April 15, 2009 > High Heels Look Good, But Are They Good for Your Feet?
High Heels Look Good, But Are They Good for Your Feet?
Washington Hospital Lunch and Learn Focuses on Foot Care
If you are attracted to names like Manolo, Jimmy C, Enzo and Stevie M, chances are you love wearing high heels. While they look great, they can be harmful to your feet and back.
"I have to admit I do enjoy wearing high heels," said Dr. Bita Mostaghimi, a podiatrist on the Washington Hospital Medical Staff who will provide tips for wearing high heels safely and other foot care advice at an upcoming Lunch and Learn seminar at Washington Hospital. "For many women, shoes are about fashion, not comfort. But there are comfortable shoes that are also fashionable."
"Foot Health Awareness - Putting Your Best Foot Forward," will take place between Noon and 1 p.m. on Thursday, April 23, at the Washington Women's Center located at 2500 Mowry Avenue, Suite 145 (Washington West) in Fremont. To reserve a space, call (800) 963-7070.
Mostaghimi will explain how the bones, joints, muscles and tendons in the foot work together to support the body and provide mobility and balance.
"I want women to know how their feet work so they can have a better understanding of why they may have foot problems or pain in their feet," she said. "I will also explain how men and women's feet differ, making women more susceptible to foot problems."
According to Mostaghimi, women generally have narrower heels and balls of their feet, putting a lot of pressure on the arch. Men have broader feet, allowing the pressure to be more evenly distributed.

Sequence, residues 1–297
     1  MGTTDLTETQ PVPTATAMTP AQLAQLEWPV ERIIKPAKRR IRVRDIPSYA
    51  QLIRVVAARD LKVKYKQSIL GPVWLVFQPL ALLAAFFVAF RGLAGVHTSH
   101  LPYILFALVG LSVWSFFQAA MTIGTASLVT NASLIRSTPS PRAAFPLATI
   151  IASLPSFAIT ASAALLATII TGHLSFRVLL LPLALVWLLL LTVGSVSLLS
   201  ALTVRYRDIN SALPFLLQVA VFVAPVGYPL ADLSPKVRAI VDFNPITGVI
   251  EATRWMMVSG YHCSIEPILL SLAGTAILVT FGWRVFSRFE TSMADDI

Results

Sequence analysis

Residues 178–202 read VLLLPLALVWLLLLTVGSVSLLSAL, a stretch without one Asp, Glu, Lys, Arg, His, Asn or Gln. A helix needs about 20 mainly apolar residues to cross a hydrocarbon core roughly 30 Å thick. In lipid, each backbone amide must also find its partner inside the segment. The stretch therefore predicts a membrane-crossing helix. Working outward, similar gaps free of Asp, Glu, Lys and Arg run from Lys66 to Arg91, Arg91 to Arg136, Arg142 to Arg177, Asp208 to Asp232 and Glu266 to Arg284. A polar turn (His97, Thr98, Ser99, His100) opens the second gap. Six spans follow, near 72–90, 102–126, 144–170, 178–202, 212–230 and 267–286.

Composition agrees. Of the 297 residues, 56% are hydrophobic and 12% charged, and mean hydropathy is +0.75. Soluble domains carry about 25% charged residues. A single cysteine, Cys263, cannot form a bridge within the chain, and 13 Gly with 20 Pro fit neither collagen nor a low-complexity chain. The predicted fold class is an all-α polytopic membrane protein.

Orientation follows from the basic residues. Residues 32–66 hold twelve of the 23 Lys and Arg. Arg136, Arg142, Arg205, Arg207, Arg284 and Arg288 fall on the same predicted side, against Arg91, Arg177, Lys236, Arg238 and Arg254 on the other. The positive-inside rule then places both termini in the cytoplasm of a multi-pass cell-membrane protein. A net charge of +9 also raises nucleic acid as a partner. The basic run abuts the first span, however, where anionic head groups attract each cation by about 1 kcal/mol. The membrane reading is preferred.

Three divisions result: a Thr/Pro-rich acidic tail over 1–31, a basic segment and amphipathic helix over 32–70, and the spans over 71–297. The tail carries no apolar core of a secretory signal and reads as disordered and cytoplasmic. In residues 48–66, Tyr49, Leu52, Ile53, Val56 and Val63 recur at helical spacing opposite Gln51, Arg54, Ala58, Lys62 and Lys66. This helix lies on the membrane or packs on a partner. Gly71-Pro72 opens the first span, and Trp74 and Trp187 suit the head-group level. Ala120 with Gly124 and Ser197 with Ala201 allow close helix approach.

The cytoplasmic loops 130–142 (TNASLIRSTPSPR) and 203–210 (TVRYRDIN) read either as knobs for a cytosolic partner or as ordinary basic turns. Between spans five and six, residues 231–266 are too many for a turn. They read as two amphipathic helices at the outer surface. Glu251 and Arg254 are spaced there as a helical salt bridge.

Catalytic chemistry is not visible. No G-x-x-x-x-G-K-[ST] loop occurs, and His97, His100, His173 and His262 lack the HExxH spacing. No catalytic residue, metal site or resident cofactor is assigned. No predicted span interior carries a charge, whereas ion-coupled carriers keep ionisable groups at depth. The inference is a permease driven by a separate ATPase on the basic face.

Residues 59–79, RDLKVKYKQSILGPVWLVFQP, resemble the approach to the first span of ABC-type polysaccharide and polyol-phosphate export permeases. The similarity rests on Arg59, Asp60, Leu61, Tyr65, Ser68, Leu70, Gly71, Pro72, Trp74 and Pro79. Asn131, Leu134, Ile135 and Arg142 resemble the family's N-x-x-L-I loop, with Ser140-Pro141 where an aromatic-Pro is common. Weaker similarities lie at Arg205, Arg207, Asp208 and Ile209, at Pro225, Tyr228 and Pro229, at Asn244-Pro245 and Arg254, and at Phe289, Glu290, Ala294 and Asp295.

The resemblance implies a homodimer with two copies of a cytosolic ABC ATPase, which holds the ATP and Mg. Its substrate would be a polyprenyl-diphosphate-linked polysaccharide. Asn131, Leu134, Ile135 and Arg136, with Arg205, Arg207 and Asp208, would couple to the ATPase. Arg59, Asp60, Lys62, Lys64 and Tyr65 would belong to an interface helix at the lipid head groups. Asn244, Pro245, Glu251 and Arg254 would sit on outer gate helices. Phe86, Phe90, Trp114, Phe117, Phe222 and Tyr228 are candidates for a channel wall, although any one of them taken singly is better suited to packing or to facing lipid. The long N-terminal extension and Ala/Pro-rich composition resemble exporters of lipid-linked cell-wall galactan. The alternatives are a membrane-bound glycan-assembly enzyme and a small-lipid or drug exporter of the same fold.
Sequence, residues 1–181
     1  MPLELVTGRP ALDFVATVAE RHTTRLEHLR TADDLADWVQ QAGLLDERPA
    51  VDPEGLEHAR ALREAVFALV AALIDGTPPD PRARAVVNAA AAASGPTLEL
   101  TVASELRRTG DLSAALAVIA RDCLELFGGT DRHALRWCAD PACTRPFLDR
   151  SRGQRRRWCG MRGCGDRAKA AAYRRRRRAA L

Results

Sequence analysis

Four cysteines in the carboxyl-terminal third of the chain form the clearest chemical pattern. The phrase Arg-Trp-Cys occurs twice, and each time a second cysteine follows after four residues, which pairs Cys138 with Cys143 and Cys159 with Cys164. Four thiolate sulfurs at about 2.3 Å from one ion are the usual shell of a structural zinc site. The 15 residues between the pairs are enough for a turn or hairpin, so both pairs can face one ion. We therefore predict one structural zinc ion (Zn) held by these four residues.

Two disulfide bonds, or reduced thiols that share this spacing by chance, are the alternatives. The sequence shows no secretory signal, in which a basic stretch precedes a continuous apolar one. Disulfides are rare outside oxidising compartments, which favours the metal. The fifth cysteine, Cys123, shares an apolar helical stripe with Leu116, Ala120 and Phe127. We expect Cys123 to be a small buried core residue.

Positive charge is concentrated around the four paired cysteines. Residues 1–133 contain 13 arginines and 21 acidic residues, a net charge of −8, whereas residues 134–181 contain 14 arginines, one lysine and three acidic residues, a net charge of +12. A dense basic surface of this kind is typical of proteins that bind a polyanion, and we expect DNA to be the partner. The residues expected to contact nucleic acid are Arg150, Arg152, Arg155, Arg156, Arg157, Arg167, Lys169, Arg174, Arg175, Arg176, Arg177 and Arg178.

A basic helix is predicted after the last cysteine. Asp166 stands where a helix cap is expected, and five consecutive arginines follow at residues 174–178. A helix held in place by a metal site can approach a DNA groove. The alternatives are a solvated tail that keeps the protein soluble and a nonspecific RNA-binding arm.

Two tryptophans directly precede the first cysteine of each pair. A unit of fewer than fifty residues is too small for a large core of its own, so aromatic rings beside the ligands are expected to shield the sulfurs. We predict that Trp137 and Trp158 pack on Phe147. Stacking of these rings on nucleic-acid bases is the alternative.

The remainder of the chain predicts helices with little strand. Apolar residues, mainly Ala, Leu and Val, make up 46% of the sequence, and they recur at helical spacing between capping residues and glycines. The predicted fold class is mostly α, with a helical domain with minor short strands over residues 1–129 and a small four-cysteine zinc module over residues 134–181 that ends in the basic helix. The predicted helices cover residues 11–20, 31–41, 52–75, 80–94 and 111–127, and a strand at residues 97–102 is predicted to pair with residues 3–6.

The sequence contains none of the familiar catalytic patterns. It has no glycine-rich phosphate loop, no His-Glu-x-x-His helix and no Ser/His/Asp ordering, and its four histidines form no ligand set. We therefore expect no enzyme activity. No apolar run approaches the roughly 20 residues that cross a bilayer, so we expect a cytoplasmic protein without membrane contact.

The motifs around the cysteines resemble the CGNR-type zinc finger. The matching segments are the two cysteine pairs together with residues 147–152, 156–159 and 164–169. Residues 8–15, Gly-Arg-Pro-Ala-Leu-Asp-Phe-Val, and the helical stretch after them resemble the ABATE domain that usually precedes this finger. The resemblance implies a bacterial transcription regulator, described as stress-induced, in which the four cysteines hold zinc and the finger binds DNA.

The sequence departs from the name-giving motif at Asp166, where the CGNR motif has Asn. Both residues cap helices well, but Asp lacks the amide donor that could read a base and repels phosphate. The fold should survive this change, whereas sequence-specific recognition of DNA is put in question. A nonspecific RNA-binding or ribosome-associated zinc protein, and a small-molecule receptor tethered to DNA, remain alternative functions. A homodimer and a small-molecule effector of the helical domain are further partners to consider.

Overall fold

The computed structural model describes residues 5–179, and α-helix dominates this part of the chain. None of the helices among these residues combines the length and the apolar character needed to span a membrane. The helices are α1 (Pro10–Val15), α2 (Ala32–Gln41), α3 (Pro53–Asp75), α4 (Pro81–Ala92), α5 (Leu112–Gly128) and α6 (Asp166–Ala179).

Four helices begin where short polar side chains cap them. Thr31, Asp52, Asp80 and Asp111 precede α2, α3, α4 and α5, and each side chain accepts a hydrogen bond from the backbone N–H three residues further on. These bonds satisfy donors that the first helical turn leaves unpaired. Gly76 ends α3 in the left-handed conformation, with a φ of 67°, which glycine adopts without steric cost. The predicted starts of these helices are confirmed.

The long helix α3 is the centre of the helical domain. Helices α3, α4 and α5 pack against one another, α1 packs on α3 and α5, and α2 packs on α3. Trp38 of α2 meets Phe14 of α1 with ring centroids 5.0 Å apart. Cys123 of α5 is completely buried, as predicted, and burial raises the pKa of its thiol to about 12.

Bunions, Hammertoes, and Corns
She will talk about some of the problems associated with wearing high heels and shoes that are too tight, including foot pain, bunions, hammertoes, corns and neuroma (pinched nerve), as well as treatment options.
Hammertoes are caused by a muscle/tendon imbalance, trauma, or tight shoes that put continual pressure on the toe, eventually forcing it to bend. Corns are a buildup of skin on the toes, usually caused by excessive friction.
"Bunions are genetic, but tight shoes and high heels can make them worse," Mostaghimi said.
The bony protrusions pop up at the base of the big toe and can distort the shape of the foot. If the foot is then placed in a high heel and pushed forward, the pressure on the bone increases and bunion pain grows worse.
Choose Shoes Wisely
Mostaghimi will provide some tips for choosing high heels and other shoes that are more conducive to good foot health.
"Heels that are higher than two inches change the biomechanics of the foot," she said. "They can tighten the Achilles tendon and put pressure on your lower back."
She recommends getting shoes that fit well and provide good arch support. A cushioned insole helps absorb shock and a wider heel provides more stability, she added.
Mostaghimi will also discuss some of the risks associated with getting salon pedicures. She regularly sees people in her practice who have fungal infections and other problems from pedicures.
"Pedicures can cause ingrown toenails, athlete's foot, and other issues if you are not careful," she said. "They often cut the cuticles and dig into the nail to shape it. It looks good, but it's not good for your toenails."
Those who exercise regularly also need to pay close attention to their feet, Mostaghimi said. She will offer advice for choosing good workout shoes and foot and ankle exercises that can help prevent injuries.
To learn more about taking good care of your feet, register for the upcoming Lunch and Learn at (800) 963-7070.
For more information about other Washington Hospital programs and services, visit www.whhs.com.